|Diane Keaton, Darling Companion, Sony Pictures Classics, 2012.|
American master Lawrence Kasdan returns to screens triumphant with his wistful, charming new picture, Darling Companion. In essence a modern American re-envisioning of Beckett's play Waiting for Godot, Kasdan cleverly pairs off his lamenting lovers, as they search for one couple's lost dog named Freeway. Hopes, fears, and dreams are projected onto the missing pooch by our mercurial protagonists. Kasdan and his co-writer, Meg Kasdan, are deft at dissecting traditional, even typical rom-com situations, and imbuing their characters with a complexity and humor which are rich and enveloping.
Kasdan's strength has always been primarily as a writer. His fascination with fusing old-school genre with new-school characterization has resulted in some of the best films of the 80s and 90s . . . . Body Heat, The Big Chill, Silverado, The Accidental Tourist, and Grand Canyon all soared and shattered audience expectation. Darling Companion does a little more of the same.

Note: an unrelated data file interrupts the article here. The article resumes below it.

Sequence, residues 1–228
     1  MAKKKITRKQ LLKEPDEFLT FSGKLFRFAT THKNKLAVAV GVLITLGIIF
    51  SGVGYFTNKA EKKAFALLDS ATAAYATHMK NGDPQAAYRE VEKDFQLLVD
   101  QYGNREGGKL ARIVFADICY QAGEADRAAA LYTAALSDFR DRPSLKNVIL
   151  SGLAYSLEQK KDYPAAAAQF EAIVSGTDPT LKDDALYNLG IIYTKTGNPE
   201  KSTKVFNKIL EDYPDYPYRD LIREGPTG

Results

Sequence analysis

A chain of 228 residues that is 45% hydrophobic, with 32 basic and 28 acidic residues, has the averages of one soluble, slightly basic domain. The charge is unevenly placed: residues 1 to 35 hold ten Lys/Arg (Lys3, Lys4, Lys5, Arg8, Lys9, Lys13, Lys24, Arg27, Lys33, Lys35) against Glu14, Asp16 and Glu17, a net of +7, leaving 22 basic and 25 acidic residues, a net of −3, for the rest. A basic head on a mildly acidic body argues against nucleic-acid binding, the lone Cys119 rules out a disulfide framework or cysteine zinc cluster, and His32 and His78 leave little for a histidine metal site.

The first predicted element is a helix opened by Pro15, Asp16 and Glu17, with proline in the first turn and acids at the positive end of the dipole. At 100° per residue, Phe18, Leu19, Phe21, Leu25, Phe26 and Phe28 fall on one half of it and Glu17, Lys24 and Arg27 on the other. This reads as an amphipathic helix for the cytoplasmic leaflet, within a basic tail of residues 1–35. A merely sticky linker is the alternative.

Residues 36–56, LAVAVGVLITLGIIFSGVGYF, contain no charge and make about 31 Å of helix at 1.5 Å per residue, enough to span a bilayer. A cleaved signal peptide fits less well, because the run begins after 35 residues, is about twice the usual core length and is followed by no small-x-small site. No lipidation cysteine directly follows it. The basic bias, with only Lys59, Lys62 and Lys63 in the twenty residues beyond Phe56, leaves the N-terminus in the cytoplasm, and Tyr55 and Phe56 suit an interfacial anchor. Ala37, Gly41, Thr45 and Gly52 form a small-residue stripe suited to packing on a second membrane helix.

Instilling what appears to be a conventional golden years rom-com with a curious spirit and nuance, Kasdan & co. perform a rare feat; the philosophical comedy. Kevin Kline and especially Diane Keaton are afforded rare (as of late) chances to shine as an aging upper class couple; the vagaries of their daily lives are repeatedly illuminated by the machinations of their desires. Richard Jenkins and Diane Wiest are both utterly delightful as Kline's daffy sister and her sleazy but heartened new beau. Mark Duplass, as Wiest's nebbishy son, and Ayelet Zurer, as Keaton and Kline's psychic housekeeper, also afford much pleasure.
Dp Michael McDonough captures all of the magic of the changing seasons in the Colorado mountains; composer James Newton Howard delivers a standardly uniform, playful score. The plot device of the housekeeper (Zurer)'s visions leading them on a wild goose chase after the dog, works wonderfully; it recalls Woody Allen at his most mirthful (The Curse of the Jade Scorpion). The ending is ambivalent and bizarre; one sequence in particular, a soulful exchange between husband and wife, gives Keaton the chance to shine like she has not in some time,